Effect of a cannabinoid agonist on gastrointestinal transit and postprandial satiation in healthy human subjects: A randomized, placebo-controlled study

T. Esfandyari, M. Camilleri, I. Ferber, D. Burton, K. Baxter, A. R. Zinsmeister

Research output: Contribution to journalArticle

72 Scopus citations

Abstract

Cannabinoid receptor (CBR) stimulation inhibits motility and increases food intake in rodents. Effects of CBR stimulation in human gastrointestinal (GI) tract are unclear. We compared effects of dronabinol (DRO) and placebo (PLA) on GI transit, gastric volume and satiation in humans. In a double-blind, randomized study, 30 healthy volunteers were randomly assigned to DRO 5 mg b.i.d. or PLA for three doses. We measured GI functions noninvasively: day 0, Ensure® satiation test to measure maximum tolerated volume (MTV) and 30-min post-Ensure® symptoms; day 1, scintigraphic transit (111In-egg meal) and fasting and postprandial gastric volume (99Tcm-SPECT); day 2, 24-h colonic transit and repeat satiation test. ancova was used to compare treatment groups with gender, age, and, for the satiation test, the baseline MTV, as covariates. A log-rank test was used to assess treatment effects on gastric emptying. Planned sample size had 80% power to detect 25-30% differences in primary end points. There was an overall retardation of gastric emptying with DRO (P = 0.018); this was more pronounced in females (P = 0.011), than in males (P = 0.184). No significant treatment differences were detected for gastric volumes, MTV, post-Ensure® symptoms, small bowel and colonic transit. Fasting gastric volume was greater in males receiving DRO compared with PLA (238 ± 17 vs 185 ± 16, P = 0.04). DRO retards gastric emptying in humans; effects are gender-related. Dronabinol also increases fasting gastric volumes in males.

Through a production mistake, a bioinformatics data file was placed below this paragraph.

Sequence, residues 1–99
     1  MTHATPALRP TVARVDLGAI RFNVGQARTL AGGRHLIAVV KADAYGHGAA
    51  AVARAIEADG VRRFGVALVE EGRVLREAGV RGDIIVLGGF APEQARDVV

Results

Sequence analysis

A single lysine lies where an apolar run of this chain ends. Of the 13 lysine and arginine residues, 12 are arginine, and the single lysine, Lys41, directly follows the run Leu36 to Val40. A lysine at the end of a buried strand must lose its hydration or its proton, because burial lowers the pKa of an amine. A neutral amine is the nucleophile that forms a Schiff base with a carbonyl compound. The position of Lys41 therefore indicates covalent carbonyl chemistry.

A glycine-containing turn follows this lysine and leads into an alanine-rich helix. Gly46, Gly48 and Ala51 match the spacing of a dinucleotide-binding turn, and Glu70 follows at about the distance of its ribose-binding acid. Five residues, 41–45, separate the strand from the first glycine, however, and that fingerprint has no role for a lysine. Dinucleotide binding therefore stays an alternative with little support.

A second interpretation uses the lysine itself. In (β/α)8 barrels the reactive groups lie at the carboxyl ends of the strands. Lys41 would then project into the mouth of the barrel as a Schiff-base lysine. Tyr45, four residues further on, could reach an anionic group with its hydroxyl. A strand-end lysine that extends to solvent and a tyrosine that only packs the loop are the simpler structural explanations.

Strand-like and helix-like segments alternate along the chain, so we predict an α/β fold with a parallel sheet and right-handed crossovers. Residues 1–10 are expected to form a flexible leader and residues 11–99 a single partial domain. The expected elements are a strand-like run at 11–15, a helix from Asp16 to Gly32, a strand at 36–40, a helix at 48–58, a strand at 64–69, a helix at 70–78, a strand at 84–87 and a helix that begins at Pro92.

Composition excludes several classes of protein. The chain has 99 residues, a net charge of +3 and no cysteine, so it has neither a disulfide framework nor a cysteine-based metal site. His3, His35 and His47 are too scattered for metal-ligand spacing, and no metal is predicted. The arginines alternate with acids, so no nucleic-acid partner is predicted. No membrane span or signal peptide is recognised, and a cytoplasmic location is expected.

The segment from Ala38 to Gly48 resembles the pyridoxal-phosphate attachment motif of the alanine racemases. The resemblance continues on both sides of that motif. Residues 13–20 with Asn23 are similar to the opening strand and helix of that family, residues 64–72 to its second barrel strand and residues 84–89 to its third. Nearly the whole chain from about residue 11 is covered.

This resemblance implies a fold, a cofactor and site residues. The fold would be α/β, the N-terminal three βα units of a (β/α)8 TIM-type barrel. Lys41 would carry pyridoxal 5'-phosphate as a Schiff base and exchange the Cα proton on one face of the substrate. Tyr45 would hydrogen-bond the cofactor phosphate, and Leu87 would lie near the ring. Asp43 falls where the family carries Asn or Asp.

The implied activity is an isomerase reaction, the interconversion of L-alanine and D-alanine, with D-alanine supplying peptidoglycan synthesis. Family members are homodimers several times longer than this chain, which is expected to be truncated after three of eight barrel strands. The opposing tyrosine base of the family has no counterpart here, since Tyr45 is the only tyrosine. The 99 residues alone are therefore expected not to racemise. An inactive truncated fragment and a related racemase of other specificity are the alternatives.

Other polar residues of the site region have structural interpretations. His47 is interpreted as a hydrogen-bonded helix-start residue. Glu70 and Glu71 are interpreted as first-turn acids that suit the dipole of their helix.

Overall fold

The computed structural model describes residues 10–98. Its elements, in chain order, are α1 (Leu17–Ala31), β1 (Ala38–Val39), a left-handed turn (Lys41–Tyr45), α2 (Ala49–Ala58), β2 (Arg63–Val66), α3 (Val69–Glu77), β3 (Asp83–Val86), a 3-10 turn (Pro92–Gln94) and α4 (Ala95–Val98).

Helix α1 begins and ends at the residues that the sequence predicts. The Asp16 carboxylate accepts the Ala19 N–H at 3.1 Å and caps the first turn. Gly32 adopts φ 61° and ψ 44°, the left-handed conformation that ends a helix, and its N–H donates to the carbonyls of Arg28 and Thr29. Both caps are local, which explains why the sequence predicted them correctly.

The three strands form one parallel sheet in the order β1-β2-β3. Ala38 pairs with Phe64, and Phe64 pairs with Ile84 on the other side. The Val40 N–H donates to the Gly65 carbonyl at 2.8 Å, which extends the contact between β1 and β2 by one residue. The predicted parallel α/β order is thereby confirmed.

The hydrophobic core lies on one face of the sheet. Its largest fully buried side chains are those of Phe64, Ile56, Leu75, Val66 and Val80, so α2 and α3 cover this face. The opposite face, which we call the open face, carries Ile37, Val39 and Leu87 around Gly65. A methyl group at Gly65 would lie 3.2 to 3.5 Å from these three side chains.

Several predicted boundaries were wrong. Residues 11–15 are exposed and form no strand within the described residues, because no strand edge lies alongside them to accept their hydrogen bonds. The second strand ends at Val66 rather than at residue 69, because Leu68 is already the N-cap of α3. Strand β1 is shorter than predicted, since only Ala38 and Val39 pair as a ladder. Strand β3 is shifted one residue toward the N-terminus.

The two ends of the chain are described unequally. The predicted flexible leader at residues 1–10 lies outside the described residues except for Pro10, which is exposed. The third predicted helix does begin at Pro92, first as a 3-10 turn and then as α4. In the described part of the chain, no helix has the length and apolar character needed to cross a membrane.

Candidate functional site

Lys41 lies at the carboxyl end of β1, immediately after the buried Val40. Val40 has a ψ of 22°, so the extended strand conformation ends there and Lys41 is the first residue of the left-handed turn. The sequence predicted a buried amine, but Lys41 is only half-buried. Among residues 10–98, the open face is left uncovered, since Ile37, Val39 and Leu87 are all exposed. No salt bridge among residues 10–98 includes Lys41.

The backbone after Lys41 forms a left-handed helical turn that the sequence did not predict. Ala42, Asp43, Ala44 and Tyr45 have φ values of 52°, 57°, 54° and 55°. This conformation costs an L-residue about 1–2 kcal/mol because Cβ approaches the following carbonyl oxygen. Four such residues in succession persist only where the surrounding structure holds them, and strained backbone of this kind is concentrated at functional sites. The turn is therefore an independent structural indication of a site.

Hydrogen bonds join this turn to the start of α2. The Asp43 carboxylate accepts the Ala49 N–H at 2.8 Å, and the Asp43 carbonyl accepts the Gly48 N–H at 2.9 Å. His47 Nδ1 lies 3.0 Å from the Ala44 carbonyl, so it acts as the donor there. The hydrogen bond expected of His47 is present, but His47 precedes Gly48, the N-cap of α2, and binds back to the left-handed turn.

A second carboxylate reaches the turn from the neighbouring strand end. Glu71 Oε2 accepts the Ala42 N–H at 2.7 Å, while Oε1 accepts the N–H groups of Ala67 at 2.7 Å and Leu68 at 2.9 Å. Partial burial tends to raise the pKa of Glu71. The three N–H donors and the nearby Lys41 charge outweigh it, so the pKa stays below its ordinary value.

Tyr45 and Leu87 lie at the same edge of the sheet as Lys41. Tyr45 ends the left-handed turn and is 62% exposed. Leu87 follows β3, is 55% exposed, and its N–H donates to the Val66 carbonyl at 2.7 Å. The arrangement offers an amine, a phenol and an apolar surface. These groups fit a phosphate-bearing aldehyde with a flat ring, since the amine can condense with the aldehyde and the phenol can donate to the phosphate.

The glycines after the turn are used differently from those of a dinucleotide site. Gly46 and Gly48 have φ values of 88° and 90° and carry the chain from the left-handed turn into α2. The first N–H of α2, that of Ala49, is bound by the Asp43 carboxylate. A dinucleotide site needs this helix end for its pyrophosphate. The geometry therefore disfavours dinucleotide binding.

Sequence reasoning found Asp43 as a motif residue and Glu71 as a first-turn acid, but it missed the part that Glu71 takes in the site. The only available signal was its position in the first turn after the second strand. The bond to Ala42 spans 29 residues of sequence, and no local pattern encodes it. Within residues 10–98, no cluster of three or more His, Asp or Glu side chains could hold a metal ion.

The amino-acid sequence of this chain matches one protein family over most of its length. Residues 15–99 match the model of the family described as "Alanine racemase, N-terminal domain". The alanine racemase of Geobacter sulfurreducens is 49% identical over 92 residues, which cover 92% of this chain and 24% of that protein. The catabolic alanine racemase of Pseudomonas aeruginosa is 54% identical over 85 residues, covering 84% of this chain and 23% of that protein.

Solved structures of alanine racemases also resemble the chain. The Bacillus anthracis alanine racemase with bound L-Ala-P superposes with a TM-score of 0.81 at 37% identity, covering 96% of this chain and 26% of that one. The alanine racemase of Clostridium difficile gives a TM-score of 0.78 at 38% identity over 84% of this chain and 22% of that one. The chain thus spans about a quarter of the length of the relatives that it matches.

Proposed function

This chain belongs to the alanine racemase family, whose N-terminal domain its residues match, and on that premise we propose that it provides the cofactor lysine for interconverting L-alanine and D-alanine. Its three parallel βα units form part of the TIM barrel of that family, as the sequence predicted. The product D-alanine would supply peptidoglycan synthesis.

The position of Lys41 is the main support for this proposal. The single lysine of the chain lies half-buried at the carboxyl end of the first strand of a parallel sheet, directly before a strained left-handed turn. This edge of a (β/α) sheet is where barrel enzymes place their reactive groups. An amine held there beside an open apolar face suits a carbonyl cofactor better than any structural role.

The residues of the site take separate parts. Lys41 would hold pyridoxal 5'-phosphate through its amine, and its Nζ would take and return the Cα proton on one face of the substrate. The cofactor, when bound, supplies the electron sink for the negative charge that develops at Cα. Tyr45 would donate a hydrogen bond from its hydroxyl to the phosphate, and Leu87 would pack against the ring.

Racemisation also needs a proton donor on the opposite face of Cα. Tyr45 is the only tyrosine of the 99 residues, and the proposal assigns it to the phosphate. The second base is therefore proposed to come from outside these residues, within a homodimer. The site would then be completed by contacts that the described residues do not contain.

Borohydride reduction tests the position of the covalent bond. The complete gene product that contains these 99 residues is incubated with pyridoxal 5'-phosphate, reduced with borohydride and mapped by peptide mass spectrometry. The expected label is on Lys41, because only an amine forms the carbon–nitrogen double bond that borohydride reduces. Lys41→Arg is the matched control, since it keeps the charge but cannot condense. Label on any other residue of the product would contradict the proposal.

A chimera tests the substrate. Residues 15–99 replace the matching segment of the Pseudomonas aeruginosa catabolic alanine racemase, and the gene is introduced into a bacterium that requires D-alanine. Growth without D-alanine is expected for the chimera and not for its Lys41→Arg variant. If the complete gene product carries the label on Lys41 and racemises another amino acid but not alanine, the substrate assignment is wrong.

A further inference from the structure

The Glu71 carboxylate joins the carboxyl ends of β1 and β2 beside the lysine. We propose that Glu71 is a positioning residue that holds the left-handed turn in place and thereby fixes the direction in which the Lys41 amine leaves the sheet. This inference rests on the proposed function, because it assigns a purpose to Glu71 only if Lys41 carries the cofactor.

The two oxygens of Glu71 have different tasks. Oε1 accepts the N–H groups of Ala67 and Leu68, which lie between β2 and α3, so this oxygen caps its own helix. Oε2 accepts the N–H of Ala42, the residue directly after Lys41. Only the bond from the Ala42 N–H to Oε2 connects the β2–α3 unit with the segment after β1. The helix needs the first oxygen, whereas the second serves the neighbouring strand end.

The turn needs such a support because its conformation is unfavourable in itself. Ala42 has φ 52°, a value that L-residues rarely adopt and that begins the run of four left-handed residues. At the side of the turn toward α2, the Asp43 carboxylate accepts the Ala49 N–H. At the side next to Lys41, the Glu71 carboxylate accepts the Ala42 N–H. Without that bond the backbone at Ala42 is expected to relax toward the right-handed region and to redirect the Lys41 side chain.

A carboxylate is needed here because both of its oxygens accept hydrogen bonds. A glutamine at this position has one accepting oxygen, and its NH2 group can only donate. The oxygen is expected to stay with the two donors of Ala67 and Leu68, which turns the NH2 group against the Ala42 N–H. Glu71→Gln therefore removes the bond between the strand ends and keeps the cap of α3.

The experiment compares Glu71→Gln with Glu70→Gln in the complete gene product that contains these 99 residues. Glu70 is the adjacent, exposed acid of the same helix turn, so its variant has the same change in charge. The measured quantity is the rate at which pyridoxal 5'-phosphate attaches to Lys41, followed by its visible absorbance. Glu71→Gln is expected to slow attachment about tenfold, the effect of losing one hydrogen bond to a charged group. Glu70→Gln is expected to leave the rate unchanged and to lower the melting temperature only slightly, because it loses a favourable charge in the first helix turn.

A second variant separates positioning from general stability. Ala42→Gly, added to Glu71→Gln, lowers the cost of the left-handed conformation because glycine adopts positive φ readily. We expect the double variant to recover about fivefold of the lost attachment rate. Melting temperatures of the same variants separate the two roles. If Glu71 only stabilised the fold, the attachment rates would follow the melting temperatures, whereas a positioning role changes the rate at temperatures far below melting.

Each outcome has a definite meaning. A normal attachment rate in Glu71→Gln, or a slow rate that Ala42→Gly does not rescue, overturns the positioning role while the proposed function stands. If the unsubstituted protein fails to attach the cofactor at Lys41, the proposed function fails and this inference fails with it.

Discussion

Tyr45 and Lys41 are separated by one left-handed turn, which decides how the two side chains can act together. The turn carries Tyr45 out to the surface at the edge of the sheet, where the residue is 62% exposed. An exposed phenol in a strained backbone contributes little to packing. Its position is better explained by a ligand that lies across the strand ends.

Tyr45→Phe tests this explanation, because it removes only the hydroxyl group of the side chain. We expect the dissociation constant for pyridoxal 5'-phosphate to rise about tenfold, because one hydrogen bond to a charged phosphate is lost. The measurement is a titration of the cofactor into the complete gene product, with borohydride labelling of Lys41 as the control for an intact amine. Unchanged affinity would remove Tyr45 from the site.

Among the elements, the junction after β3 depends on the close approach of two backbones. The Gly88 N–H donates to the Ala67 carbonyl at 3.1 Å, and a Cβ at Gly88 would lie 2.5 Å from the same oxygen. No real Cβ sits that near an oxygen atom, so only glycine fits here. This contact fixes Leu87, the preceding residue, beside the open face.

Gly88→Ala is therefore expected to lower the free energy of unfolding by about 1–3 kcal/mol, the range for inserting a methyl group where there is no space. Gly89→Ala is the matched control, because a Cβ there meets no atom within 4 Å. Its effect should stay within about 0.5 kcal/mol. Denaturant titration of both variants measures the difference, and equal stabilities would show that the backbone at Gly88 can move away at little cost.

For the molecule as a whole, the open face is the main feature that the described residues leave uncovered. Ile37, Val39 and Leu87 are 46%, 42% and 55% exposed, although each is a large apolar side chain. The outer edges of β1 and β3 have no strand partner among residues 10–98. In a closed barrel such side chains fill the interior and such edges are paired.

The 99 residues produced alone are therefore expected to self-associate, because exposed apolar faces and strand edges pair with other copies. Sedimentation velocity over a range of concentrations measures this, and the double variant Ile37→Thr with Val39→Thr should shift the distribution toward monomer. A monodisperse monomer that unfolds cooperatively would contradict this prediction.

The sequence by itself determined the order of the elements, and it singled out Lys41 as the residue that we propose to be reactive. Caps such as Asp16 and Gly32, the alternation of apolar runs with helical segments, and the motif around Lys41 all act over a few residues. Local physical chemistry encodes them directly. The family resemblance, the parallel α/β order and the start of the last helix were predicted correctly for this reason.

Original languageEnglish (US)
Pages (from-to)831-838
Number of pages8
JournalNeurogastroenterology and Motility
Volume18
Issue number9
DOIs
StatePublished - Sep 2006

Keywords

  • Accommodation
  • Colon
  • Dronabinol
  • Motility
  • Stomach
  • Transit

ASJC Scopus subject areas

  • Physiology
  • Endocrine and Autonomic Systems
  • Gastroenterology

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